Demise of last ice age encoded in tropical stalagmites

Dec 10, 2013
Neil Anderson, a ‘super-caver’ helping with the research in Liang Luar cave. Credit: Dan Zwartz

Hidden deep underground in Indonesian caves, the missing link in the demise of the last ice age has been uncovered in stalagmites, which have provided a 31,000 year-long record of Australasian monsoon activity.

"Stalagmites are the ice core records of the tropics," explains Dr Linda Ayliffe from the Research School of Earth Sciences (RSES).

"They are the only natural climate archive with the length, resolution and age-control required to document the response of the Australasian to over tens of thousands of years."

The global monsoon system is considered to be an important climate link between the northern and southern hemispheres during the deglaciation of the last . Until now, direct evidence for the southern half of the vast Australasian monsoon has been lacking.

Dr Ayliffe and Associate Professor Mike Gagan of RSES, along with colleagues at the Indonesian Institute of Sciences, the University of Queensland, the University of Melbourne, and William Paterson University analysed the geochemical composition of stalagmites in Liang Luar cave on the island of Flores, Indonesia.

Stalagmites, like those found in Liang Luar, are formed when rain soaks through limestone causing mineral-rich water to drip into the cave, forming towers of . The research team was able to tell the precise time and amount of rainfall in the area by analysing variants of oxygen known as isotopes, found in this calcium carbonate.

"We explored the 1700 metre length of Liang Luar cave in 2006 and devoted most of the 2007 expedition to the drilling of exploratory mini-cores to date the stalagmites," says Associate Professor Gagan.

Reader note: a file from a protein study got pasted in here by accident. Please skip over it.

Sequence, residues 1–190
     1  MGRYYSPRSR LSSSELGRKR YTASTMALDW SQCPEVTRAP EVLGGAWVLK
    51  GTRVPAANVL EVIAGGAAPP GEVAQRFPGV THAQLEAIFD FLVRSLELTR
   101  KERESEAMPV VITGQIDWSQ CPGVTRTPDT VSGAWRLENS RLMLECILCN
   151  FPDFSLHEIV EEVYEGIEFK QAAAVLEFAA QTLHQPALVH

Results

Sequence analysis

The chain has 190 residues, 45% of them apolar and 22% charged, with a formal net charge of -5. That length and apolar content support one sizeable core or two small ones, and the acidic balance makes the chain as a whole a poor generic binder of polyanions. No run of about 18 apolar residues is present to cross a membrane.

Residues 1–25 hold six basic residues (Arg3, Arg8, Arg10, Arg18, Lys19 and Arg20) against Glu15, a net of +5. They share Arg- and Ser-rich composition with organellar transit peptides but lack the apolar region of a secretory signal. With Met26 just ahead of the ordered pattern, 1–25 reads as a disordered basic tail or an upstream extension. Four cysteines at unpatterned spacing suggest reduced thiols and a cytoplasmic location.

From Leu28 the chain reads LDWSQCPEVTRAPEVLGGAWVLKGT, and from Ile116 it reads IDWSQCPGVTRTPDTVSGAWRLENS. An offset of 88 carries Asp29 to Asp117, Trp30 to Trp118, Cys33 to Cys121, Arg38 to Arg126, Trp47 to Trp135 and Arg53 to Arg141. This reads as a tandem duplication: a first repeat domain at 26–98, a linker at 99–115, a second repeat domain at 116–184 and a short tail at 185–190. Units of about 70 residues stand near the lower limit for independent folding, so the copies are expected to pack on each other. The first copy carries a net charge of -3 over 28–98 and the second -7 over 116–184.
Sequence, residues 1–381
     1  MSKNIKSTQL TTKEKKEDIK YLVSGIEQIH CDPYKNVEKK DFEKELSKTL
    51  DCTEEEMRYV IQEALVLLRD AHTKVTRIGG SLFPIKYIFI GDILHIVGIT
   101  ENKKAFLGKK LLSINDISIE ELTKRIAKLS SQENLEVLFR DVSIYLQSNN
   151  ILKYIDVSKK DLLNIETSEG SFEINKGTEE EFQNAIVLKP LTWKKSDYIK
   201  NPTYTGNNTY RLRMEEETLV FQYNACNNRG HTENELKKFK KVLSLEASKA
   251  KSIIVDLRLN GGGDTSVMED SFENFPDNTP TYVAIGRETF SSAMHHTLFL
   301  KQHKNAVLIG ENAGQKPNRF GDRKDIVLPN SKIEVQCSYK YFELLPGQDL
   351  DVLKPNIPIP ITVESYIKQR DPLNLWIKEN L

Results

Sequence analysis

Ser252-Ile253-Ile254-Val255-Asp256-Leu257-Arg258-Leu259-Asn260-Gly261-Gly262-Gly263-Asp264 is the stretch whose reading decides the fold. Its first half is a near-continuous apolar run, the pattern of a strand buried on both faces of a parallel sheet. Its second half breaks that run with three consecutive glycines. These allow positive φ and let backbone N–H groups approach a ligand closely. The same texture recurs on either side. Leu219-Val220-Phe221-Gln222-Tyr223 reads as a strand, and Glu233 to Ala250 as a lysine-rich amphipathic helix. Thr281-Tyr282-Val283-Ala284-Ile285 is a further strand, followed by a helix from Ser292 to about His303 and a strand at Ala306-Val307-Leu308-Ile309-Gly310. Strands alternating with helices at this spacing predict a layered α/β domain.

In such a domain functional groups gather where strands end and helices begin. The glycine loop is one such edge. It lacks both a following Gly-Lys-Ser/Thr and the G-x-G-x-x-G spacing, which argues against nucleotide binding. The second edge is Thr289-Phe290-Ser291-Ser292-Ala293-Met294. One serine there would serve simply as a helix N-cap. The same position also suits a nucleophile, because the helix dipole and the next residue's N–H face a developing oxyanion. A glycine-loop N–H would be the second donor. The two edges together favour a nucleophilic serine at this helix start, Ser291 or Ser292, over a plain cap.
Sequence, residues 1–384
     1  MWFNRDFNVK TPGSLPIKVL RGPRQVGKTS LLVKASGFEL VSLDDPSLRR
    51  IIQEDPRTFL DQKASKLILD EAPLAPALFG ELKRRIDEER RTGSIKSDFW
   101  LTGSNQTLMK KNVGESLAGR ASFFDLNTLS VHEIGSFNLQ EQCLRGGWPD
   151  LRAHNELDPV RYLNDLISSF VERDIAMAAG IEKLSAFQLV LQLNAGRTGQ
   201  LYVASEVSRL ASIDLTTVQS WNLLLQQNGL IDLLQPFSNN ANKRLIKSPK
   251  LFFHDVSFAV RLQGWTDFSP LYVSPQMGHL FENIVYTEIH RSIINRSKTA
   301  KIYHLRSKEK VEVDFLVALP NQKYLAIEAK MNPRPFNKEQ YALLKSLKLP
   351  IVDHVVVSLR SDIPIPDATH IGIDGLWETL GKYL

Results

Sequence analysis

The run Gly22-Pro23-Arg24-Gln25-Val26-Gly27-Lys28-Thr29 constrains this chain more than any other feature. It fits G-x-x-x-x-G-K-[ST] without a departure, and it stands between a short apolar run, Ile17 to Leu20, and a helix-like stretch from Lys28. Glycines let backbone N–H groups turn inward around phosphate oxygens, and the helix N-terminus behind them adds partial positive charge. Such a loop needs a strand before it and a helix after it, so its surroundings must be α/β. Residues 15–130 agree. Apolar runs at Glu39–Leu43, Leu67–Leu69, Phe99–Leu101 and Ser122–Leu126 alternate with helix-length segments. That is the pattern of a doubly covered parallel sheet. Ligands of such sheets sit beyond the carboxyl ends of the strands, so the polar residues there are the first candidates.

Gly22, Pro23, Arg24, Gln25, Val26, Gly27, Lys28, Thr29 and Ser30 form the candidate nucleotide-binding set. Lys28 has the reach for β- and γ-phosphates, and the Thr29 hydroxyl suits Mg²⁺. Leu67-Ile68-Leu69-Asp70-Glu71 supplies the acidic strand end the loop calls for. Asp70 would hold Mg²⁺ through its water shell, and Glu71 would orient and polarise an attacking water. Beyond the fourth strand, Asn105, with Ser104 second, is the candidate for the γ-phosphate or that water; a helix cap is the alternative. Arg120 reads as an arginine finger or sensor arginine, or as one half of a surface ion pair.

"It wasn't until 2009 that we had finally identified stalagmites of exactly the right age to complete the record."

Comparing this southern hemispheric rainfall record to northern hemispheric records from China revealed a clear interhemispheric 'rainfall seesaw' pattern across Australasia – when it was dry in Indonesia, it was wet in China, and vice versa.

"The rainfall seesaw is a robust signal in climate models, but this is the first time we've had detailed and precisely dated records showing its widespread impact across Australasia," says Dr Ayliffe.

"It's a satisfying result because it contributes to a unifying hypothesis that explains how the hemispheres are coupled during ice age terminations."

"Our findings are also relevant to understanding future rainfall patterns in the heavily populated Australasian monsoon region," says Dr Gagan.

"For example, if the Asian monsoon were to strengthen due to greenhouse warming in the 21st century, as suggested by climate models, then Indonesia will probably become drier. Any decline in agricultural production related to a drier tropics would clearly be challenging for Indonesia."

Explore further: Borneo stalagmites provide new view of abrupt climate events over 100,000 years

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